Is London’s character Market Hike Sustainable?

The belief that London and the UK character market values will continue to increase has led many a character investor into troubled waters in recent times. Since the financial crash in 2008, the London market recovery has been something of a surprise but the rest of the country remains at a low ebb with prices of houses, flats and apartments considerably marked down from the peak.

The government’s Help to Buy scheme certainly appears to be leading to improved market conditions and concerns are already being raised warning of the dangers of overheating, particularly in the London area.

The buy to let market for residential apartments in the London and South East area has however shown resilience in the confront of the economic downturn. Among other factors I see this as a product of overseas investors and character investment on a commercial basis as a hedge against falling money values resulting from Quantitative Easing.

With the ratio of average house price to earnings nevertheless dangerously high, particularly in London and the South East, there lies a warning to would be character investors out there who might think the worst is over. Combined with the extension of the UK Government’s mortgage guarantee scheme at the end of the year all of the warning signs are there.

Residential character management commentators can be influenced in their views. Reports from estate agents and block character management companies for freehold and leasehold blocks of flats and apartments are no doubt set to ride the expansion while it lasts.

The service charge activities of leaseholders is a good indicator of the cash that character owners have obtainable to them and many are frankly not in good financial shape.

Leasehold character management agents get to see first hand how many leaseholders are struggling to make payments. Service charge and landlord ground rent arrears are certainly a problem in some locations. London character management problem spots include areas near Croydon and Lewisham and other inner London Boroughs like Lambeth appear to have also been affected. The credit crunch may seem a distant memory for the bankers however others are not so fortunate and nevertheless struggle for cash flow.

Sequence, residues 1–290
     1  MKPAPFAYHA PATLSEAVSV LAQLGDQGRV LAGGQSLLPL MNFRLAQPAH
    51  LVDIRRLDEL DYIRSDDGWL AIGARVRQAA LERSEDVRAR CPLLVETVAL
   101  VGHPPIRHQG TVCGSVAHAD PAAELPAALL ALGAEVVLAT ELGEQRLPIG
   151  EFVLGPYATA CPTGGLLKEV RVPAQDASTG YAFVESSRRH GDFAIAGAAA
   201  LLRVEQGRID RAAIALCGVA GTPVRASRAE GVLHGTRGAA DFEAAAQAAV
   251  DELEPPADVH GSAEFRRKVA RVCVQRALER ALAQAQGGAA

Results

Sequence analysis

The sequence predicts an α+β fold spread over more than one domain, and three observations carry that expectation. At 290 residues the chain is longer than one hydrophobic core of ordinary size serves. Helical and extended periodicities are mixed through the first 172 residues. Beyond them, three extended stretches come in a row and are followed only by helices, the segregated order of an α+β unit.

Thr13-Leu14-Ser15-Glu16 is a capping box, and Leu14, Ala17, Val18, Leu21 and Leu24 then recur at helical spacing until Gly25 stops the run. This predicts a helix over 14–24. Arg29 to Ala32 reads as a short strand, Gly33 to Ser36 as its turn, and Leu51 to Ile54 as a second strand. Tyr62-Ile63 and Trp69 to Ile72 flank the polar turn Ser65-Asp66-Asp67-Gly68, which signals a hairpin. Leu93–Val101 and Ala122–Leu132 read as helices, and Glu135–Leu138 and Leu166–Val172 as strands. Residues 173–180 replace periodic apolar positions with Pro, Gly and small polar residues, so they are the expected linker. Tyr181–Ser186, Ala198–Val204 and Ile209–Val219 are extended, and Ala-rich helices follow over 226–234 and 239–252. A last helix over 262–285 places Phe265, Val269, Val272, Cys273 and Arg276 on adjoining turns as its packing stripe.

Some simply cannot provide to pay and many leave it to the courts in the end where they defend their plight.

In my experience the flat owners or leaseholders who are under financial pressure are simply more likely to default on their service charge payments than their mortgages. The perception being that the risks of service charge debt default initially seem less onerous.

But all of those leaseholders currently feeling the financial pressures are unprotected to economic pressures and keep sensitive to already the smallest of interest rate movements. A rate increase of half a percent can average a meaningful percentage hike in net monthly mortgage payment.

All of this questions the future growth prospects of the UK character market in the short to medium term.

There are other factors to consider such as government stimulation in the form of Help to Buy and this might also in the short term keep up prices artificially high.need may well outstrip supply, but if housing is simply unaffordable for most the basic long term movement is clear for all to see,

I certainly think a few of the more careful entrepreneurs might rethink their approach with the assistance of further careful consideration. Who knows what will happen and when but if we are faced with interest rate increases one day the effect will not be pretty..

Never say never but the recent talk of recovery in the market could well be a false dawn for UK character growth.

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